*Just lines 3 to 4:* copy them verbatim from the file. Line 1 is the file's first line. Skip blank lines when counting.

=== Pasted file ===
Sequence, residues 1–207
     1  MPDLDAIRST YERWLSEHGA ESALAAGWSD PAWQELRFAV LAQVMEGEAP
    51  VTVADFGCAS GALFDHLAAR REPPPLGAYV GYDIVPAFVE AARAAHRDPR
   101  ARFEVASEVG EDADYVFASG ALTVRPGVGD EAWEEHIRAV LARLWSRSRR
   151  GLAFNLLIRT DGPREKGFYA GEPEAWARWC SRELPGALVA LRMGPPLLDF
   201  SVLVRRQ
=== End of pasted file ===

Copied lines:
    51  VTVADFGCAS GALFDHLAAR REPPPLGAYV GYDIVPAFVE AARAAHRDPR
   101  ARFEVASEVG EDADYVFASG ALTVRPGVGD EAWEEHIRAV LARLWSRSRR